Automating the food and drink industry

How robotics and automation are paving the way for the future

According to a market research report by Association for Packaging and Processing Technologies entitled Trends in Food Processing Operations, half of the companies surveyed will be increasing their level of automation over the next three to five years. Despite this, many manufacturers admit they don’t know where to start. Here, Nigel Smith, CEO of industrial robot specialist, TM Robotics, explores how automation can benefit your facility.

Many industries have already made the jump to automated processes. However, it’s only been in recent years that the food and beverage industry has begun to truly explore what automation and robotic technology has to offer.

“The food and beverage sector in general is well-known for having some of the most severe manufacturing and control regulations in industry,” said Jonathan Wilkins, marketing director at industrial parts supplier, EU Automation. “This is part of the reason why UK manufacturers have been relatively slow in the uptake in automation. However, this guarded attitude is slowly starting to change.”

Alongside a willingness to adapt, many manufacturers have experienced an increase in the cost of raw material and energy, as well as pressure from retailers for cheaper, faster production. As a result, installing automation equipment is now considered to be the only way forward, but the return on investment (ROI) must be noticeably worthwhile.

Assessing your needs

When selecting the type of machine to introduce to your facility, considering the actual needs of your facility and processes will result in a more cost effective and appropriate machine being installed, boosting your potential ROI.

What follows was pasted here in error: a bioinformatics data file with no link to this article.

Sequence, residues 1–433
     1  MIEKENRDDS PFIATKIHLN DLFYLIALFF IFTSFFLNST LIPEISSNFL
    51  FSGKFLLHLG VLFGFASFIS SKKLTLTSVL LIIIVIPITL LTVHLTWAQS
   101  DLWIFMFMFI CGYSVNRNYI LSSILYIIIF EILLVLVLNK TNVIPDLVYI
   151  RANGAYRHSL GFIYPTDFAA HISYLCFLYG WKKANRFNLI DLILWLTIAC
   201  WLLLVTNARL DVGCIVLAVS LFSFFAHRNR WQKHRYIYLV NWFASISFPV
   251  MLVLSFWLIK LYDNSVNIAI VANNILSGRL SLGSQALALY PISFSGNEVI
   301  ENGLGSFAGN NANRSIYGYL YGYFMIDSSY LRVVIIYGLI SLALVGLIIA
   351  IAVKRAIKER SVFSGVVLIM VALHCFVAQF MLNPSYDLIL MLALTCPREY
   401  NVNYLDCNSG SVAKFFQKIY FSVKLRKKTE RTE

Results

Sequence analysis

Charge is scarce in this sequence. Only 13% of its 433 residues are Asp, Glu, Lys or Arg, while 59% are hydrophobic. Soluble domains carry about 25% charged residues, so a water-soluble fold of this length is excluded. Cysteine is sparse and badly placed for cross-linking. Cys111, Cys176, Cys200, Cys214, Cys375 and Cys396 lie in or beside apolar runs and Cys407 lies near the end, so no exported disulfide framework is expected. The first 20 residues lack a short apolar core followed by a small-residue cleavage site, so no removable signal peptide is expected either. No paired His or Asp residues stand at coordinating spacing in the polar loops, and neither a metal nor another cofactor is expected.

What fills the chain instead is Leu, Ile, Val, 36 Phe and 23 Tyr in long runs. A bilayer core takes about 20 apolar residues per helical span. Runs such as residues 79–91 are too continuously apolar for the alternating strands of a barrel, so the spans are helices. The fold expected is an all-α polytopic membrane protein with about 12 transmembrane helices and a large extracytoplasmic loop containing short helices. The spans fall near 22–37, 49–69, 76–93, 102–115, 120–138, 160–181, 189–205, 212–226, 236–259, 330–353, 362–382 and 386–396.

Imagine, for instance, that you are producing a ready-to-cook roast dinner meal. This product requires multiple elements to come together in one aluminium tray, be visually appealing to customers and be consistent in weight and appearance. In a facility making this product, machinery needs to pick up and move a wide range of products, from small carrot batons and broccoli florets to potatoes and meat portions.

Using a machine that can be programmed to pick, move and place items means that you are less likely to have to discard damaged products, helping to reduce unnecessary expenditure. Selective Compliant Articulated Robot Arm (SCARA) machines, like those from TM Robotics, use a parallel-axis joint layout. This means the robot arms can move on an X-Y axis but is rigid in the Z direction, which is ideal for picking and placing.

Personalisation is key

Aside from selecting the right machine and software, exploring the ancillary options for your chosen machine is vital to maximising ROI. While human workers can look at a series of ingredients and establish the best way to pick up items based on their shape, position and material, fully automating these actions haven’t been possible until recently.

Incorporating 3D vision systems will enable the examination of products as well as allowing the machine to determine the order in which they are picked up and assess the best position to place them in the primary packaging. Going beyond human capabilities, this type of software can also view and ascertain whether product labels are fixed correctly, include the right product information and help you meet industry regulations in the blink of an eye.

To go a step further, even if you have the right software in place to automate this pick and place action, without the right gripper, your processing line can still damage your profit margins. Using grippers that move or pick up delicate items, like the roast dinner carrot batons, with too much force can result in high volumes of wasted product. In this case, opting for a machine that is capable of adapting the force used to lift a product based on the data being processed by sensors and software will result in reduced waste and a perfect end product.

As revealed in the 2017 Food and Drink Industry Economic contribution and growth opportunities report, 73 per cent of food and drink manufacturers are engaged in automating manufacturing processes, while 46 per cent are engaged in warehouse and logistics automation.

With significant developments transforming how facilities function and a clear focus on revolutionising the industry, its important to not assume that all robots are made the same and that those with fancy features and a hefty price tag will leave you with a problem-free facility. Sometimes, taking the time to assess exactly what you are looking to achieve from the investment can guide you to a simpler and cheaper solution.

Automation Update